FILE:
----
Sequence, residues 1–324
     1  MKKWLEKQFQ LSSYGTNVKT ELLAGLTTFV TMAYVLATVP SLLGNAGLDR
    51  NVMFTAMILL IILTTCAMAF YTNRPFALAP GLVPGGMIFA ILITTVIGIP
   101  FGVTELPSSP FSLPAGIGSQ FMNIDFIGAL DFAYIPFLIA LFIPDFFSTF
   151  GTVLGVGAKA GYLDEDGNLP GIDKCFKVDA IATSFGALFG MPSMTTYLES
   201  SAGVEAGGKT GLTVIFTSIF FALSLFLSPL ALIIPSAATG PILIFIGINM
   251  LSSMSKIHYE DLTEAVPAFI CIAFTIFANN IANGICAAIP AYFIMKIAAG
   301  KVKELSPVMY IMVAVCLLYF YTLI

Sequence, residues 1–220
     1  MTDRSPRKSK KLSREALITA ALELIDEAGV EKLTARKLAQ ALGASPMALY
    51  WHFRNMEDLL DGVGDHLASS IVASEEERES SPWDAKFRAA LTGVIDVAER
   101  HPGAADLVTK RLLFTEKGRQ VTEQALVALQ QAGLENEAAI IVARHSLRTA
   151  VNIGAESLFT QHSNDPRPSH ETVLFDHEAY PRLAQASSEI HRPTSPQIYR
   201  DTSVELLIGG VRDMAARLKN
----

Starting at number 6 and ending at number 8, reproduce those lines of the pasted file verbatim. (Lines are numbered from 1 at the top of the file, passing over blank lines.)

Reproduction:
   201  SAGVEAGGKT GLTVIFTSIF FALSLFLSPL ALIIPSAATG PILIFIGINM
   251  LSSMSKIHYE DLTEAVPAFI CIAFTIFANN IANGICAAIP AYFIMKIAAG
   301  KVKELSPVMY IMVAVCLLYF YTLI